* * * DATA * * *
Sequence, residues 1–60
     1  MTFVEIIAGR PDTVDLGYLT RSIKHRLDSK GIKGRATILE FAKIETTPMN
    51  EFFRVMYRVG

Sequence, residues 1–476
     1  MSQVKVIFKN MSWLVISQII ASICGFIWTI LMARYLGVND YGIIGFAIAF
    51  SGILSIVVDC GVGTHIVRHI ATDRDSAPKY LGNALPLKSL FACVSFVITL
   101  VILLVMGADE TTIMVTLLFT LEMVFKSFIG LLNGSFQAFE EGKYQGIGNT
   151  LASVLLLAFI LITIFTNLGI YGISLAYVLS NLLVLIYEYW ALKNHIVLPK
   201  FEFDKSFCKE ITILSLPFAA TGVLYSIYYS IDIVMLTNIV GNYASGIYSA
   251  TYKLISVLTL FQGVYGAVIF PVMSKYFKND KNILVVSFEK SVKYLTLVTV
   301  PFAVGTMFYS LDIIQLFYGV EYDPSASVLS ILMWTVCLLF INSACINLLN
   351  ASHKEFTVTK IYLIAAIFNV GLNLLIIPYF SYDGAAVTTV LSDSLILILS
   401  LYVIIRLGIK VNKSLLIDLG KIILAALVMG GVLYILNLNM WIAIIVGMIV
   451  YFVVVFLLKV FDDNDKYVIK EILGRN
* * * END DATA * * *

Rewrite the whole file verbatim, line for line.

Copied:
Sequence, residues 1–60
     1  MTFVEIIAGR PDTVDLGYLT RSIKHRLDSK GIKGRATILE FAKIETTPMN
    51  EFFRVMYRVG

Sequence, residues 1–476
     1  MSQVKVIFKN MSWLVISQII ASICGFIWTI LMARYLGVND YGIIGFAIAF
    51  SGILSIVVDC GVGTHIVRHI ATDRDSAPKY LGNALPLKSL FACVSFVITL
   101  VILLVMGADE TTIMVTLLFT LEMVFKSFIG LLNGSFQAFE EGKYQGIGNT
   151  LASVLLLAFI LITIFTNLGI YGISLAYVLS NLLVLIYEYW ALKNHIVLPK
   201  FEFDKSFCKE ITILSLPFAA TGVLYSIYYS IDIVMLTNIV GNYASGIYSA
   251  TYKLISVLTL FQGVYGAVIF PVMSKYFKND KNILVVSFEK SVKYLTLVTV
   301  PFAVGTMFYS LDIIQLFYGV EYDPSASVLS ILMWTVCLLF INSACINLLN
   351  ASHKEFTVTK IYLIAAIFNV GLNLLIIPYF SYDGAAVTTV LSDSLILILS
   401  LYVIIRLGIK VNKSLLIDLG KIILAALVMG GVLYILNLNM WIAIIVGMIV
   451  YFVVVFLLKV FDDNDKYVIK EILGRN